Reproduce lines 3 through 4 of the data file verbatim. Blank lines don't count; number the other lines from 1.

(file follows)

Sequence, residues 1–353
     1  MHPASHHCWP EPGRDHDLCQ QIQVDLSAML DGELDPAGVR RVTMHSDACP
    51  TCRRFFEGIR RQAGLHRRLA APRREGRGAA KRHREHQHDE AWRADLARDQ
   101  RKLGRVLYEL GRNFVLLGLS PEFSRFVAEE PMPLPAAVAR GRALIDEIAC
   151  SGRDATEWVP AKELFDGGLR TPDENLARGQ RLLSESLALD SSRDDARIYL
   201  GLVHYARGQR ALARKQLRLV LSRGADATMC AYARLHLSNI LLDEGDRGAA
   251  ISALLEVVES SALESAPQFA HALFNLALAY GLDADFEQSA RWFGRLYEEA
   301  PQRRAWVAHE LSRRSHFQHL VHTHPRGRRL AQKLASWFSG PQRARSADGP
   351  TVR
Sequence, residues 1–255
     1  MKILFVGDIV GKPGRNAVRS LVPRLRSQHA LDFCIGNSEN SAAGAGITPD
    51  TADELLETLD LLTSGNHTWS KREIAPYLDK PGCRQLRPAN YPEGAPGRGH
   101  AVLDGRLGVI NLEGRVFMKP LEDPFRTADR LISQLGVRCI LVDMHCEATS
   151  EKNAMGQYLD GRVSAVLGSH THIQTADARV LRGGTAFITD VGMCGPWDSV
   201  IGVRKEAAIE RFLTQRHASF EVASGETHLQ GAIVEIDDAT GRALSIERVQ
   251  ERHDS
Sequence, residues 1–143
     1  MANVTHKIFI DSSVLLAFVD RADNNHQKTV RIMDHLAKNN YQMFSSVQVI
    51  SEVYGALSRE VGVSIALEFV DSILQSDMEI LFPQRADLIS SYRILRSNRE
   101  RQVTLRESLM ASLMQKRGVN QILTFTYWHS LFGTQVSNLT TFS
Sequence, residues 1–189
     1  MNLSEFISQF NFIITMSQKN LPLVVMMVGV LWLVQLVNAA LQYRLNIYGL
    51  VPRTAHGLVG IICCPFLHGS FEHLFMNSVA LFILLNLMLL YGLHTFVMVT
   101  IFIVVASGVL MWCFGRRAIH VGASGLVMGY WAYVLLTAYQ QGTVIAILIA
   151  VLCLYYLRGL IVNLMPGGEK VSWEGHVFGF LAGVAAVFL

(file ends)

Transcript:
    51  TCRRFFEGIR RQAGLHRRLA APRREGRGAA KRHREHQHDE AWRADLARDQ
   101  RKLGRVLYEL GRNFVLLGLS PEFSRFVAEE PMPLPAAVAR GRALIDEIAC